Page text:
2. The virus spreads along the respiratory tract (back of throat) to the larynx and trachea
  3. As the infection progresses, the top part of the trachea becomes swollen
  4. The space available for air to enter the lungs becomes narrower
  5. Children compensate for this narrowing by breathing more quickly and deeply, leading to symptoms of croup
  6. The child may become restless or anxious (agitated) as breathing becomes more difficult. Agitation can also cause constriction (narrowing) of the throat, which increases breathing difficulties and can exacerbate agitation. The effort required to breathe faster and harder is tiring, and the child may become exhausted and unable to breathe on his or her own in severe cases.

Summary table of possible causes of viral croup:8

Cause Spasmodic croup Laryngotracheitis
Individual and family history
  • Possible family history of croup
  • Possible previous attack.
  • Possible family history of croup.
Microbiologic findings
  • Etiologic agents similar to those in laryngotracheitis.

Most commonly caused by:

  • Parainfluenza virus 1, 2, 3
  • Influenza virus A, B
  • Respiratory syncytial virus
  • Metapneumovirus
  • Measles virus
  • Adenoviruses
  • Coronavirus
  • Mycoplasma
  • Rhinoviruses.

Bacterial croup

Bacterial infection usually affects the same areas as viral infection but is typically more severe and requires different treatment. Most instances of illness are due to secondary bacterial infection from: Staphylococcus aureus, other bacteria include Streptococcus pyogenes, Streptococcus pneumonia, Haemophilus influenza and Moraxella catarrhalis.10

Cause Laryngotracheobronchitis (LTB) and laryngotracheobronchopneumonitis (LTBP) Laryngeal diphtheria
Individual and family history
  • Possible family history of croup.
  • Possible family history of croup.
Microbiologic findings
  • May be caused by a virus (e.g., parainfluenza virus 1, 2 or 3 or influenza virus A or B)
  • Bacterial infection from: staphylococcus aureus, other bacteria staphylococcus aureus, streptococcus pyogenes, streptococcus pneumonia, haemophilus influenzae and moraxella catarrhalis.
  • Corynebacterium diphtheriae (identified on smear and culture of membrane).

Signs and symptoms

The main symptoms of croup are a "barking cough" - often compared to the barking of a seal or sea lion - which may begin suddenly during the night.The child may also have a runny nose, sore throat, congestion and mild fever a few days before the cough starts. Croup is usually mild and lasts less than a week. More severe cases are due to difficulty breathing caused by swelling in the upper part of the windpipe.11

85% of children examined at the emergency room have mild croup. Severe croup is rare and accounts for less than 1%.8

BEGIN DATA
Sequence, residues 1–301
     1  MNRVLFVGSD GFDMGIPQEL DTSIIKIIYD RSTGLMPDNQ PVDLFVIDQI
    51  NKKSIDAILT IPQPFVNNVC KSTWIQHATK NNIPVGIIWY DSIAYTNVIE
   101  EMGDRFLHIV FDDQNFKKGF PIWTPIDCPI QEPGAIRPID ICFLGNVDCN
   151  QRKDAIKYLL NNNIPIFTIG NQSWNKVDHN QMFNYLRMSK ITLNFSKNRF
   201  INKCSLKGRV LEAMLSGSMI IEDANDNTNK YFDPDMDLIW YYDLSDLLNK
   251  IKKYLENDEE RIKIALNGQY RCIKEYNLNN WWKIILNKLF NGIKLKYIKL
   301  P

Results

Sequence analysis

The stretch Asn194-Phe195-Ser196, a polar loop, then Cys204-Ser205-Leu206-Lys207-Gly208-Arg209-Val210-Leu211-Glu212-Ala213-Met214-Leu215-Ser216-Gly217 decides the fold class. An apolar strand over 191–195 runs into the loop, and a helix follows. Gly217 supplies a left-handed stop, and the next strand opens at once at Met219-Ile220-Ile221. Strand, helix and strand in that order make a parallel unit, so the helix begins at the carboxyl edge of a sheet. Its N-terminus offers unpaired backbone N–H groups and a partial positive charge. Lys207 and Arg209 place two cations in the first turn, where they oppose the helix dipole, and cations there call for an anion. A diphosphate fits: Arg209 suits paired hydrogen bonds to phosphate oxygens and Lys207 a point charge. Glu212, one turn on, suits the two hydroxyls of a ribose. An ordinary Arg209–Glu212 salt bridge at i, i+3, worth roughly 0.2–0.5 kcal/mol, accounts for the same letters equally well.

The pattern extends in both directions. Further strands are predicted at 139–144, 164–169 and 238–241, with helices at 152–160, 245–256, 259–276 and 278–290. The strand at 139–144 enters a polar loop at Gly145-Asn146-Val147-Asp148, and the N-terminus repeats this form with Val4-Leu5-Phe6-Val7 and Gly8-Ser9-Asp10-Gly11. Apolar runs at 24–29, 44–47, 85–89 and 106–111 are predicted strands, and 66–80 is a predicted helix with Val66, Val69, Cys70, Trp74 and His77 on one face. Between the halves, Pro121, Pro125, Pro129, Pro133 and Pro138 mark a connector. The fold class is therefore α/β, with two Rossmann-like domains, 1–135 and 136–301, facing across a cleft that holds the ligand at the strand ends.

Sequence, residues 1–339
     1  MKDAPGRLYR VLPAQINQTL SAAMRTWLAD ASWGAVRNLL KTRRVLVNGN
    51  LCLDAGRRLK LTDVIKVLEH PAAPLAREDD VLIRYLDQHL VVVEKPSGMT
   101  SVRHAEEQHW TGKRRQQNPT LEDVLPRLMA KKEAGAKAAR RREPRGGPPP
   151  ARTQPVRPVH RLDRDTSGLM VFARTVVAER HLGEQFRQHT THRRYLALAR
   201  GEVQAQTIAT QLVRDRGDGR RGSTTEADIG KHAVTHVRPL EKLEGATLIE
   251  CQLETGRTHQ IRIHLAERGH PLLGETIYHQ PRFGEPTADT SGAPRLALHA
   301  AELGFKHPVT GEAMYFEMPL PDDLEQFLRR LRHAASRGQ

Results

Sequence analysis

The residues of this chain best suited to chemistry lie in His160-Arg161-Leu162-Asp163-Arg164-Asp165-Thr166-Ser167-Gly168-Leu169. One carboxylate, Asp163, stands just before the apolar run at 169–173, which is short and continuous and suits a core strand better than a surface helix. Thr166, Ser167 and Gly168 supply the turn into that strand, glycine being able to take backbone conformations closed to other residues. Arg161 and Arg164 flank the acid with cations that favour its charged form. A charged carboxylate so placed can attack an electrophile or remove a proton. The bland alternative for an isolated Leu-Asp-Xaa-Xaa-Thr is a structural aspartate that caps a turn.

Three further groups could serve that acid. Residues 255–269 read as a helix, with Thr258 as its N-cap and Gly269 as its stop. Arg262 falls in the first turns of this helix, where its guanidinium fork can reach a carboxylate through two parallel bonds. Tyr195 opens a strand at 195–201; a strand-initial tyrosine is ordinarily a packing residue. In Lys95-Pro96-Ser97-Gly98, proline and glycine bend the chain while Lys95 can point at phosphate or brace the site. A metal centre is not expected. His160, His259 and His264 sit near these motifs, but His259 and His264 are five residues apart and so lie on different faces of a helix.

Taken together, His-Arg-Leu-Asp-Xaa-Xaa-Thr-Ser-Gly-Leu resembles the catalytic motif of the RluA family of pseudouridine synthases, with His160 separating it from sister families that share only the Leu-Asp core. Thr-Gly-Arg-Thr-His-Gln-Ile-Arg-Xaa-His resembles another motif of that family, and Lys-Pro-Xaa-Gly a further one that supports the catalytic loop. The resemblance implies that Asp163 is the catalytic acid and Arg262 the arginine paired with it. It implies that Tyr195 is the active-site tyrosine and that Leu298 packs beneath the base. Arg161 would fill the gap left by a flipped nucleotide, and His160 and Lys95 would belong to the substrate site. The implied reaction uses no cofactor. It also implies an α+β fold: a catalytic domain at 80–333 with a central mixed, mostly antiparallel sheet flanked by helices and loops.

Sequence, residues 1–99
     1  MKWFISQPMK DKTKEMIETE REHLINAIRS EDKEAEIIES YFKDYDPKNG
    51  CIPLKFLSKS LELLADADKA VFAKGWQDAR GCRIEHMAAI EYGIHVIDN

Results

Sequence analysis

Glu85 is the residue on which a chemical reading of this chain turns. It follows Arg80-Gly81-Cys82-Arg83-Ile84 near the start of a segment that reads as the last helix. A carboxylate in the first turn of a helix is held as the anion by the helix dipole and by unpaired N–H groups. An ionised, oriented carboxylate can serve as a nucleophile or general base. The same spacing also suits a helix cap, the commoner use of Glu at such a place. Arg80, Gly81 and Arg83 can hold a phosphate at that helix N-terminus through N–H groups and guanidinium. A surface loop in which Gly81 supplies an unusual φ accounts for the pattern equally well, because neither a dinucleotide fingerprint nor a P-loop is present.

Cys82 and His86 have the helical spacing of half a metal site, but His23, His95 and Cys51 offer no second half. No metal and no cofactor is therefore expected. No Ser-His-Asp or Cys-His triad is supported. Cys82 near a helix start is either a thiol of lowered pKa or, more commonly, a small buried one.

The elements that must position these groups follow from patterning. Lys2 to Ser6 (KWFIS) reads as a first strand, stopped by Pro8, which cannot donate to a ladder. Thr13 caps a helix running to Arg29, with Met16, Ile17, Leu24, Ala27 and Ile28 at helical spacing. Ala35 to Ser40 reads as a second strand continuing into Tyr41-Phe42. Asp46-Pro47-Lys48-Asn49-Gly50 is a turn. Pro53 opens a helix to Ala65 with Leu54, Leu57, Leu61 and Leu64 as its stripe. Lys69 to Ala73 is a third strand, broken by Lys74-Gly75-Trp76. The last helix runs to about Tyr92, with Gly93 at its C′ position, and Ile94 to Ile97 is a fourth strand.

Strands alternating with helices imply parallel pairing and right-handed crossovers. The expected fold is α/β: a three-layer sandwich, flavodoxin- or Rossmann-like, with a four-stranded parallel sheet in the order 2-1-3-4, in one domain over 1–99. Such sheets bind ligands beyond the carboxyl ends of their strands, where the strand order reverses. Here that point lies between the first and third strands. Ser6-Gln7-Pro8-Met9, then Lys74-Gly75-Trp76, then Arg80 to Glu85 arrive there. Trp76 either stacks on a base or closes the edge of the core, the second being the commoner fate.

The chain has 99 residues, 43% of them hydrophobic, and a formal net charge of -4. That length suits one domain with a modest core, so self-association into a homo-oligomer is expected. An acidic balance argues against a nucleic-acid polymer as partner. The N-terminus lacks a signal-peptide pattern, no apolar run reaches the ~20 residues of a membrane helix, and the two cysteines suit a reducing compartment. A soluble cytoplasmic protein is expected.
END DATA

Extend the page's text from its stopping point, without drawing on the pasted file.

The child may also have a runny nose, sore throat, congestions and fever. Croup is usually mild and lasts less than a week.

Other symptoms of croup may include:

  • Noisy breathing - a rasping sound when breathing in or wheezing when breathing out
  • Hoarse throat
  • Other problems with breathing
  • His or her chest moving up and down more than normal during breathing
  • A high fever (40°C or more)
  • Rash
  • Eye redness (conjunctivitis)
  • Swollen lymph nodes
  • Dehydration
  • Low oxygen levels (hypoxia) and blue-tinged skin (cyanosis) can develop, as airflow to the lungs is restricted. Cyanosis may first be noticed in the fingers and toenails, ear lobes, tip of the nose, lips, tongue and inside of the cheek.

Uncommon complications of croup include pneumonia and pulmonary edema and bacterial tracheitis.12

Summary table of possible signs and symptoms of viral croup:8

Symptoms Spasmodic croup Laryngotracheitis
Early symptoms
  • Mild coryza (acute inflammatory contagious disease involving the upper respiratory tract).
  • Usually coryza.
Onset (time to full-blown disease)
  • Sudden
  • Always at night.
  • Moderately rapid but variable
  • Onset mimics that of a cold (nasal irritation, cough, coryza)
  • Fever occurs within first 24 hours
  • Signs of obstructed upper airway and symptoms occur within 12 to 48 hours.
Symptoms
  • Hoarseness
  • Barking cough
  • No dysphagia
  • Minimal-to-moderate inspiratory stridor
  • Nontoxic presentation.
  • Hoarseness
  • Barking cough
  • No dysphagia
  • Minimal-to-severe inspiratory stridor
  • Minimally toxic presentation.
Signs of presentation
  • No fever
  • No pharyngitis (inflammation of the pharynx)
  • Normal epiglottis (the flap of cartilage that covers the windpipe while swallowing).
  • Fever, usually 37.8°C to 40.5°C
  • Minimal pharyngitis
  • Normal epiglottis.
Radiographic findings
  • Subglottic (The lower part of the larynx, the area from just below the vocal cords down to the top of the trachea.) narrowing on posterior-anterior view.
  • Subglottic narrowing on posterior-anterior view.
White cell count
  • Normal.
  • Mildly elevated with >70% polymorphonuclear cells (category of white blood cell).

Summary table of possible signs and symptoms of bacterial croup:8